Khurshid's visit reflects stability of ties: Chinese daily

Beijing, May 11: External Affairs Minister Salman Khurshid's visit to China despite opposition from several quarters in India, reflects the stability of bilateral relations and the importance New Delhi attaches to its ties with Beijing, an influential official daily here has said.

"Since the China-Indian border confrontation, the Indian opposition parties, military, and media have pressured the government to cancel the foreign minister's plan to visit China," the ruling Communist Party-run Peoples Daily Online said in an article titled "China-India have great wisdom to handle sensitive issues".

"However, Khurshid's visit to China indicates that the development of China-India relations has been quite stable and India attaches great importance to ties with China," the article said.

Khurshid concluded his two-day visit last night after extensive talks with China's new Premier Li Keqiang, State Councillor and Special Representative for India-China boundary talks Yang Jiechi and Foreign Minister Wang Yi regarding the recent border stand-off at Depsang valley and Li's visit to New Delhi later this month.

In its lengthy commentary, the PD Online said, "Sino-India ties have long been complex and sensitive due to some historical issues such as border issue, Tibet and divergence on cross-border water resources."

"In recent years, China and India have risen simultaneously as emerging powers. Western media hypes "the competition between the dragon and the elephant", trying to provoke China-India relations. So how to view and deal with the bilateral ties is a major issue facing both sides," it said.

"The good news is that over the past half century, China and India have learnt from the lessons of history, made efforts to promote mutual trust on politics and security and effectively controlled differences so as to promote the steady development of bilateral relations," it said.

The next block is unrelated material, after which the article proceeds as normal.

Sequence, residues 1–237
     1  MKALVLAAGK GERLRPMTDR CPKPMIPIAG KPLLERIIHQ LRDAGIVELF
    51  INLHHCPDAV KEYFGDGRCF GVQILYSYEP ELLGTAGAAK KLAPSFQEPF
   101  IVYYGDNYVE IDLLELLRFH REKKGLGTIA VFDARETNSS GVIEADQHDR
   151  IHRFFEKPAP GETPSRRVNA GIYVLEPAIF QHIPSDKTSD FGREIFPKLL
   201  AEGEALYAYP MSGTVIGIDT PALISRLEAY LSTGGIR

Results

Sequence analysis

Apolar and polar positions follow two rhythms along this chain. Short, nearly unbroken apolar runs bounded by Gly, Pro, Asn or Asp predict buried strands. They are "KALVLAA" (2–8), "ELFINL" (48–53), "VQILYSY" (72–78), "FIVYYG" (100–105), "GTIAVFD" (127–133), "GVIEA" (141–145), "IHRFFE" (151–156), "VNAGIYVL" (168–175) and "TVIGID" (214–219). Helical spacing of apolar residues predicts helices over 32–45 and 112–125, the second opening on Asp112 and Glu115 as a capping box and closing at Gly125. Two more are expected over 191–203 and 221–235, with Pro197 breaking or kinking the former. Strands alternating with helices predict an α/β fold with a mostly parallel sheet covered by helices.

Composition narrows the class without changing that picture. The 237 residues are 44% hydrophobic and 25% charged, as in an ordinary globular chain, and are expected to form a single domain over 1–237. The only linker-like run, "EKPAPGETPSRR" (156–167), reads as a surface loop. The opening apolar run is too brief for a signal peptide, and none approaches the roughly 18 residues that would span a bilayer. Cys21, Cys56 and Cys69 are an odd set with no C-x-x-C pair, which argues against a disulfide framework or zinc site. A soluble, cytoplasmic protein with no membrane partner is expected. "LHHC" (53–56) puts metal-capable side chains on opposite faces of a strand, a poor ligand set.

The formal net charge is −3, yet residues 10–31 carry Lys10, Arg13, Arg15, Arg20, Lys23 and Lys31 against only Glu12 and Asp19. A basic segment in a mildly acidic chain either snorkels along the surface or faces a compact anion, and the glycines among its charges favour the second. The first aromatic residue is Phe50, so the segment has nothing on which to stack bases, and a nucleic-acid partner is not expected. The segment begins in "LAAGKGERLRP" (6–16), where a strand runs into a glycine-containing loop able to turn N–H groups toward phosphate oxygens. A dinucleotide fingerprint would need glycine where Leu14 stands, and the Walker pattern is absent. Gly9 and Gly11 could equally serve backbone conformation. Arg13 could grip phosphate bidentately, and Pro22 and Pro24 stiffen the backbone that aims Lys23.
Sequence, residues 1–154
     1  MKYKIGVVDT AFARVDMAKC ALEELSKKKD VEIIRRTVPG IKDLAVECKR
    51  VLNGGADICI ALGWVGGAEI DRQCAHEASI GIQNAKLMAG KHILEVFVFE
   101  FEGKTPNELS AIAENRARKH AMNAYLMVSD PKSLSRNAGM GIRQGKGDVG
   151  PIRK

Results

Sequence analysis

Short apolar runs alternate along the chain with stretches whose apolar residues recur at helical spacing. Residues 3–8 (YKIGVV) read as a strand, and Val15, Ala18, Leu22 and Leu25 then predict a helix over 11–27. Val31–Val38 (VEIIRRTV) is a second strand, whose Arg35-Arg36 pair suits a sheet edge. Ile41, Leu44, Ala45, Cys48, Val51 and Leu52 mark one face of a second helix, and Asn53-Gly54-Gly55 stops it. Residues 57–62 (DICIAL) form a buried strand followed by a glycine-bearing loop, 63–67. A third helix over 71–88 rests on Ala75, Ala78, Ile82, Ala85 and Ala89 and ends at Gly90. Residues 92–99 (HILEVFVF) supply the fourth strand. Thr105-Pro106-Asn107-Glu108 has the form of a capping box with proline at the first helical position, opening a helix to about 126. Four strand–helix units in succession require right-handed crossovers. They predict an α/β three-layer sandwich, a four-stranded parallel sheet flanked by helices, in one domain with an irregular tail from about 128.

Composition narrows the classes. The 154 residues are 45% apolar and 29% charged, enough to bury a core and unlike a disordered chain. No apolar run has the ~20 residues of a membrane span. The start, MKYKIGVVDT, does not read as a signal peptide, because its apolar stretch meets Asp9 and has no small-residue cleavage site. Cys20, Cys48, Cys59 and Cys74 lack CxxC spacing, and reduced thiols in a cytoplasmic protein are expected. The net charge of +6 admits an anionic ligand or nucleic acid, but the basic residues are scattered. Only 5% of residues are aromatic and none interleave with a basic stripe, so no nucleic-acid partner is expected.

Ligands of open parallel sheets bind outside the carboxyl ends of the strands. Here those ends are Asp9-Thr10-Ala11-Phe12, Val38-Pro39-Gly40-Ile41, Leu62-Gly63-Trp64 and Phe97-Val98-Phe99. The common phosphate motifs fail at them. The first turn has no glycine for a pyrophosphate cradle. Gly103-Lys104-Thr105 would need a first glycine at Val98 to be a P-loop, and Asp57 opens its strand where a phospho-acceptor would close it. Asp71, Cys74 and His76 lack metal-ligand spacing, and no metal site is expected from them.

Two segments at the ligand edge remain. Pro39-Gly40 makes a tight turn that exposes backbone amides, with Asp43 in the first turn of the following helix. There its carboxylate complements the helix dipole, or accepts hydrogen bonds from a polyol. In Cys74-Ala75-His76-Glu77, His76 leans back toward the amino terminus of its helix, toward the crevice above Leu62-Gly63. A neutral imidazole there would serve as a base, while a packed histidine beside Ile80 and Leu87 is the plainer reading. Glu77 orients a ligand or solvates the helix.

"Especially in the new century, the two sides actively conducted cooperation in various areas and gradually formed a new model of bilateral ties grasping overall situation, inclusiveness and reciprocity," it said.

The article also referred to the "five point proposal" mooted by China's new President Xi Jinping on March 19 in which he called for maintaining strategic communication, expanding mutually beneficial cooperation, strengthening cultural ties and jointly safeguarding the legitimate rights and interests of developing world, working together to address global issues, and properly handling problems and differences.

"The new type of China-India ties" outlined that the two sides are partners, not rivals, grasped the general direction of their relations, enhancing mutual political trust, strengthening exchange and cooperation and ensuring that differences do not affect the development of bilateral ties.

"The new model of China-India relations is a continuation and development of the Five Principles of Peaceful Coexistence and a useful attempt to establish new relations among major powers of the 21st century," the article said.

"As the two largest developing powers in the world and representatives of the emerging countries, how China and India will get along is closely related to their future and that of the Asia-Pacific region and even the whole world," it said.


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